Cranbrook council reluctantly approved pursuing an urban deer population management program during a meeting on Monday night at city hall.
According to a staff report, the city received a wildlife permit from the provincial government in early October, which allows for a cull of up to 60 mule deer and 10 white-tail deer for a total of 70 ungulates.
The permit is effective between Dec. 1, 2019 to March 31, 2020.
In a universal sentiment echoed around the table, mayor and council lamented the lack of municipal options for urban deer population management, noting that a cull is the only tool allowed by the province.
“As much as I hate this as our only option for dealing with the deer problem in the city, I’m going to support it,” said Councillor Mike Peabody. “Looking at this, it looks like the amount of issues with aggressive deer is just increasing and this is the only thing we can do — and we have to do something to protect our citizens.”
Under the terms of the wildlife permit, which is issued by the Ministry of Forests, Lands, Natural Resource Operations and Rural Development, there are no options for relocation.
“I say this every year, but from my standpoint, we have to do a cull for the safety of our residents,” said Mayor Lee Pratt. “Plain and simple, safety is number one. Secondly, I have to say, this is not our call. It’s our cull, but it’s not our call. The provincial government is the one that is in control of this, and they say it is their deer and they make the rules.”
If the contractor maxes out the wildlife permit, the budget for the cull will be $45,500, which breaks down to $650 per deer, including trap and equipment setup, contractor mileage, and meat processing and distribution costs.
The city has conducted seven culls in years past, removing as many as up to 50 deer, or only three earlier this year in March, due to the late issuance of a wildlife permit. Other cull programs have been interrupted due to clover trap vandalism.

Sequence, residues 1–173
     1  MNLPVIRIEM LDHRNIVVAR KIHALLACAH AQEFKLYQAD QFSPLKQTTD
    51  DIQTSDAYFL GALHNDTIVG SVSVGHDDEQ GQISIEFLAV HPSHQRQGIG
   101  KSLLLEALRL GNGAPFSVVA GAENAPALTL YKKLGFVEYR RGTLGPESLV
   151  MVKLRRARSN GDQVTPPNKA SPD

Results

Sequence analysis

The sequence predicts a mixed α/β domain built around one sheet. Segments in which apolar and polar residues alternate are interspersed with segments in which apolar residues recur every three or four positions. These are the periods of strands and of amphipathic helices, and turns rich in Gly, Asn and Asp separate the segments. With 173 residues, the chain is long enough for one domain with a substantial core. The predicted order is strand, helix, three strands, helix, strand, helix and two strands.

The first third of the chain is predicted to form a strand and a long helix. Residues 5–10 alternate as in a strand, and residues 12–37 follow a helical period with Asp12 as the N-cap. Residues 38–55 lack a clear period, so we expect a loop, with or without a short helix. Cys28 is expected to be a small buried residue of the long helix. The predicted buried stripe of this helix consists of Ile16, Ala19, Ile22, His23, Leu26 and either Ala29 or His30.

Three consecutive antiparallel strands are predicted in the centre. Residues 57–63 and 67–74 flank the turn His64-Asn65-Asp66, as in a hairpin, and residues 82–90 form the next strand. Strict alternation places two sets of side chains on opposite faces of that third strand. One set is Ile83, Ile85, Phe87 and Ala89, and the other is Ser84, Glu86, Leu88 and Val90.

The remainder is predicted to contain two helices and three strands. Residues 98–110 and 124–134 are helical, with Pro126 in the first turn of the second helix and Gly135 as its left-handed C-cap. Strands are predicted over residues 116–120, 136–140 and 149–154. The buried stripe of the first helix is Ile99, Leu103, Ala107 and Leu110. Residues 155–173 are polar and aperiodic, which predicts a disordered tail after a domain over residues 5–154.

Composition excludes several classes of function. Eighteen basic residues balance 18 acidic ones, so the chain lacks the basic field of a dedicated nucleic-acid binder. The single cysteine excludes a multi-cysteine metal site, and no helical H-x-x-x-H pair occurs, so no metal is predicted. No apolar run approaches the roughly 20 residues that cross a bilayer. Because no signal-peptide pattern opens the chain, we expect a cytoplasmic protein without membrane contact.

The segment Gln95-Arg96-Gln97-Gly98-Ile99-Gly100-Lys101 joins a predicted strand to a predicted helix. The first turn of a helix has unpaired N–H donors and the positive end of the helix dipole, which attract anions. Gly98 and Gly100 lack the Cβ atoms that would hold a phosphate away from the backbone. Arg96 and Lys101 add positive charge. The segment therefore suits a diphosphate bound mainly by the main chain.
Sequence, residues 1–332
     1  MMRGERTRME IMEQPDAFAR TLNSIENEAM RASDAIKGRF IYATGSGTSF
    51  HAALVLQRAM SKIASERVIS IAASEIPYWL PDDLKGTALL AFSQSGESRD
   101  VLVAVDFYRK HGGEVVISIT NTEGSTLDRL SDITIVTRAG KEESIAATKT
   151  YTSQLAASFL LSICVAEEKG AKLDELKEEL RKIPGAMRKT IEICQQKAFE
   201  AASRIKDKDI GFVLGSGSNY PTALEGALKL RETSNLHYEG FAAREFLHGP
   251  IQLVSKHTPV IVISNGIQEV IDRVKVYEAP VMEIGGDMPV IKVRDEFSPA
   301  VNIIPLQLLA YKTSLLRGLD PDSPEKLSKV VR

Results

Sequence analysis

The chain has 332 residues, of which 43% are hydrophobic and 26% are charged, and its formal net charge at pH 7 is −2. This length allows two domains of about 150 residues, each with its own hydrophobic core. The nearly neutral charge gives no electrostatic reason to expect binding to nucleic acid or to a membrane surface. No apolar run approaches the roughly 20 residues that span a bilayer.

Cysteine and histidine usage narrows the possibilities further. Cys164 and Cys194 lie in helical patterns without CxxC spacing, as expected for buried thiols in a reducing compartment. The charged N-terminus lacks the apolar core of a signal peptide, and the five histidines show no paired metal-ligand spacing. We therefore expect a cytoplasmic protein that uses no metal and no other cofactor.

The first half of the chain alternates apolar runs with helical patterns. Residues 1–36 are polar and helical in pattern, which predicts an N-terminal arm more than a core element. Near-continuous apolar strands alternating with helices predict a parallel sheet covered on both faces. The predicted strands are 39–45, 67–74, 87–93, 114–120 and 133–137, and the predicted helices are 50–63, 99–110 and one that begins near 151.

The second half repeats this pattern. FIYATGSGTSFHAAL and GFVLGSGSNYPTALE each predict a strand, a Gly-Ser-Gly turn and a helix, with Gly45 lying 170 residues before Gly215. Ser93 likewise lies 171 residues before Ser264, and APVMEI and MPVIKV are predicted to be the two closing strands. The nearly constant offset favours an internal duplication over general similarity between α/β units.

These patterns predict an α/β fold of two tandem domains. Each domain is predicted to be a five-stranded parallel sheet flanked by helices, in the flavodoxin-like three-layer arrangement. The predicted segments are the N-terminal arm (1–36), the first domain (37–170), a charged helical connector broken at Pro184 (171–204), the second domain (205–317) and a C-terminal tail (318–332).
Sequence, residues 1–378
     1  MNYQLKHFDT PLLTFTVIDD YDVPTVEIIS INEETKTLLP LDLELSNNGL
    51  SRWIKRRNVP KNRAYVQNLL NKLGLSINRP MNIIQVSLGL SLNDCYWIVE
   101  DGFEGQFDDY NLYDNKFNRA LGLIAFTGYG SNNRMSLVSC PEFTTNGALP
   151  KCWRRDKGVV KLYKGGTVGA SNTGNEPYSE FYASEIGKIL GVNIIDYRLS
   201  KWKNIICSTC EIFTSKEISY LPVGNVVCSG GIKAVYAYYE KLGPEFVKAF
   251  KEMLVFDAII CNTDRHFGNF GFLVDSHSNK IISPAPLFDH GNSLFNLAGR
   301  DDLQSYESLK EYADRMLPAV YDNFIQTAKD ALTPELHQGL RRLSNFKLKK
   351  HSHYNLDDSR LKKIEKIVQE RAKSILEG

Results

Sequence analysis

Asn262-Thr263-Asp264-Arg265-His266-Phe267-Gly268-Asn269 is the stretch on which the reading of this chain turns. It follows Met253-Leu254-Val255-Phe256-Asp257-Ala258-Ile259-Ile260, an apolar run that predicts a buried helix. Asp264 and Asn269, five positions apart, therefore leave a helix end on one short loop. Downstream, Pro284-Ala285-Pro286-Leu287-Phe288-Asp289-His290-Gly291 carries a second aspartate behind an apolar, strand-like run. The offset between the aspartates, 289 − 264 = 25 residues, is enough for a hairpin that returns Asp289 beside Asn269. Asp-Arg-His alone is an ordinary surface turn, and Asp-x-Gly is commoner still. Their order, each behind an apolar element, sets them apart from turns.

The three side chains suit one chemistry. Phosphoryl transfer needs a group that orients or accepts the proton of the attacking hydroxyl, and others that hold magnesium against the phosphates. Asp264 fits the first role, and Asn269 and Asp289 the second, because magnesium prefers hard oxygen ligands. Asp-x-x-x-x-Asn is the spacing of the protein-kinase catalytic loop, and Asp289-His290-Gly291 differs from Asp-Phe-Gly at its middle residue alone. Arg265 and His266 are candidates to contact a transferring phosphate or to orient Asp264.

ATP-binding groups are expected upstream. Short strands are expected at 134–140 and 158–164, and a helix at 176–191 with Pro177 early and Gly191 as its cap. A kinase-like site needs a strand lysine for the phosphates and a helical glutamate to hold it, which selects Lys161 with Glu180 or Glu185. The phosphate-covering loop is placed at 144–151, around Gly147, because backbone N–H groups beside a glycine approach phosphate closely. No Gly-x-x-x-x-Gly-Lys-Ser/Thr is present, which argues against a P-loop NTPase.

According to a staff report, the city has received 38 complaints of aggressive deer so far this year, an increase from 23 complains in 2018. One of those complaints is a confirmed case of a dog getting killed, while another incident resulted in injuries to a dog and its owner.
Both Councillors Ron Popoff and John Hudak noted their attendance at a wildlife symposium in Cranbrook earlier this year. Popoff said a wildlife expert told him the cull is a ‘joke’ and explained that the presence of urban deer are attracting predators into the municipality.
Popoff lamented the cull option, but noted it was the only option available.
“We’re going to, yet again, get the community all excited about the cull,” Popoff said. “We can see records here of past performance and past aggression-related complaints of humans and dogs from deer and the numbers aren’t improving.
“If anything, they’re getting worse so I guess as the only tool in the toolshed, we have no choice for this, but I would really encourage staff to see if there are other pilot opportunities we could look at as a community, something unique to Cranbrook and deal with that predator perimeter around Cranbrook, if that is the real solution to dealing with this.
“This just causes an annual frustration that we all engage in and I’m tired of it.”
Based on the latest statistics collected in December last year, there are 98 urban deer in Cranbrook, 67 of which are mule deer.
Councillor Wayne Price also raised the possibility of following in Oak Bay’s footsteps on Vancouver Island, which is in the middle of conducting a sterilization study to prevent does from fawning.
“In no way yet is it operational,” said Chris Zettel, the Corporate Communications Officer for the City of Cranbrook. “It’s going to be very much like the relocation [study], do a number of studies and see if it has any impact at all.
“Previous discussions way back in 2011, 2012, the province indicated it wasn’t a viable option because, at that point, they indicated that between 80-90 per cent of the urban deer population needed to be treated each year for three years to have any impact.
“At that point, they weren’t willing to discuss it any further, so the fact that they’re willing to do a study now to try this is promising.”
While council approved the cull, it also approved making an application to a provincial cost-sharing funding program. If successful, it would provide a flat rate of $300 per deer, capped at $21,000, for the municipal deer cull budget.